Lawful entry by union officials

A union official can apply to lawfully enter a site or premises in order to:

  • investigate a suspected breach of the FW Act or a fair work instrument (which includes a modern award or enterprise agreement)
  • hold discussions with eligible employees
  • exercise a right to enter that is conferred on them under a state or territory OHS law.

Detailed descriptions of the conditions for lawful entry are outlined below.

Investigating a breach of the FW Act or a fair work instrument

A union official who holds a valid federal right of entry permit, known as a permit holder, has the right to enter building sites and other premises to investigate a suspected breach of:

  • the FW Act
  • a term of a Fair Work instrument which applies or has applied to a member of the official's union.

When may a union official enter a site?

A permit holder only has the right to enter a site to investigate a breach of workplace law if all the following conditions are met:

  • The suspected breach relates to or affects at least one member of that union.
  • The union is entitled to represent the industrial interests of that member.
  • The member works on that site.
  • The union official reasonably suspects that there has been a breach.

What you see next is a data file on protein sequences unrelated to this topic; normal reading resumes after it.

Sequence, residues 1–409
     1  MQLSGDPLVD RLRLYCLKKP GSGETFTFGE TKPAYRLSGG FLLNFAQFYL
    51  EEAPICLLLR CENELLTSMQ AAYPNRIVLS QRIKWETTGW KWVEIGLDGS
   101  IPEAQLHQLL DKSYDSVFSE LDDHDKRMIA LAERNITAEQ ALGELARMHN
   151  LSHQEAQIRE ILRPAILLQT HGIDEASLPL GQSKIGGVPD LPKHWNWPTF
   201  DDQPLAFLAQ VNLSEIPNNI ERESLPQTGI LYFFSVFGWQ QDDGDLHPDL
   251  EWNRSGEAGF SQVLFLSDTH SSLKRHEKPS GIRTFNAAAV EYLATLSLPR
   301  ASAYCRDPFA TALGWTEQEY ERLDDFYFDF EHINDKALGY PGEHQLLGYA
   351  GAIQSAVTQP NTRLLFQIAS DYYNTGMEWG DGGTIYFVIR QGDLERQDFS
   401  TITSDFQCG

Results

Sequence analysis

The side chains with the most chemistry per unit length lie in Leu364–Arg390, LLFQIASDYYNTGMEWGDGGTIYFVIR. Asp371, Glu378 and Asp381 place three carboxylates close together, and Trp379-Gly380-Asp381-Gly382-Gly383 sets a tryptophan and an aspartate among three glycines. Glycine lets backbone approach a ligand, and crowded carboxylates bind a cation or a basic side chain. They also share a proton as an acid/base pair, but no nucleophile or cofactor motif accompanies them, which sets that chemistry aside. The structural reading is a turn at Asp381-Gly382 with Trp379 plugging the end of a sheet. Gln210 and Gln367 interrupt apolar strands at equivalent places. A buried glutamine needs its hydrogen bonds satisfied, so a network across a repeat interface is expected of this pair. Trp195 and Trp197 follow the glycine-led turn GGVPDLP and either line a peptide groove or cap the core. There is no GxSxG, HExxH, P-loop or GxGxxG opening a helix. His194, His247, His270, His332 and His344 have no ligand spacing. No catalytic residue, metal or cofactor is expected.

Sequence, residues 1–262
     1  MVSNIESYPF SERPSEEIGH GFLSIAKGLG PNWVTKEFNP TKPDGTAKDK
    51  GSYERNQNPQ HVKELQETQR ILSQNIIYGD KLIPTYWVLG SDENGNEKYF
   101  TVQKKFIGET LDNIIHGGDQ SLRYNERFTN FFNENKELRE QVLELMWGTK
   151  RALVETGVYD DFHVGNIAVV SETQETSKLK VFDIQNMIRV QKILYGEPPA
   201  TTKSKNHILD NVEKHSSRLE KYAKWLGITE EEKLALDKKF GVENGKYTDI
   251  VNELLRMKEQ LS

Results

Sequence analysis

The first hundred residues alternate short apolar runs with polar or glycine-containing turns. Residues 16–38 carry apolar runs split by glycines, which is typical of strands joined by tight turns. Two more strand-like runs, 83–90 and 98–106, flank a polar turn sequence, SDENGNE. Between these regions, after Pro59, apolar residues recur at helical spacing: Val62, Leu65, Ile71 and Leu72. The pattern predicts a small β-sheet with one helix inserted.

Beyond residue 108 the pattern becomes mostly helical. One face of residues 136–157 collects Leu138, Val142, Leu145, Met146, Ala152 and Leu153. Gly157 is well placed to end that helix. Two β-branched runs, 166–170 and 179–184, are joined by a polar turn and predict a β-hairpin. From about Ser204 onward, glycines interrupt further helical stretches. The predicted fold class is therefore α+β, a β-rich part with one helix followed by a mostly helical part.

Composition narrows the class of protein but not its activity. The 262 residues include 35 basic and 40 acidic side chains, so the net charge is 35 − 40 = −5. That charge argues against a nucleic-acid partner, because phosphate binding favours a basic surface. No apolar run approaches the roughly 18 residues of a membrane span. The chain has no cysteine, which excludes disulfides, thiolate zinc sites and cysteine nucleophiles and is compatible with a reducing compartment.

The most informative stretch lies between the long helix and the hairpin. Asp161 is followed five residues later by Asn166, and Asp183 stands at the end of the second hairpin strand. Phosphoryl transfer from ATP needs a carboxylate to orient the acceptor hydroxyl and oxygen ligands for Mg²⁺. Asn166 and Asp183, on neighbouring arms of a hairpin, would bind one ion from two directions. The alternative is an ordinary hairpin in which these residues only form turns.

What must a union official do before they enter a site?

The permit holder must provide an entry notice to the site occupier and any other affected employers at least 24 hours but not more than 14 days before the entry.

The permit holder must also produce the entry notice when entering the site if the occupier requests.

A permit holder must also produce their entry notice and entry permit to an affected employer when they require an occupier or affected employer to allow them to inspect or make copies of a record or document.

The FWC can issue an exemption certificate which exempts an official from the requirement to provide prior notice of their entry—but the exemption certificate must be given to the site occupier and the affected employer as soon as possible after entry.

While on site the permit holder must comply with any reasonable OHS requirement made by the occupier.

What must be included in the entry notice?

The entry notice must include:

  • the address or location of the site or premises to be entered
  • the day of entry
  • which union the permit holder belongs to
  • the section of the FW Act that authorises the entry
  • details of the suspected breach
  • a declaration by the permit holder that they are entitled to represent the industrial interests of an employee who performs work at the premises, whom the suspected breach relates to or who is affected by the suspected breach
  • the provision of the union's rule that entitles the union to represent the industrial interests of the member.

Where to access relevant forms for entry

Forms relating to entry to premises such as an entry permit, entry notice or exemption certificates are available on the Fair Work Commission website.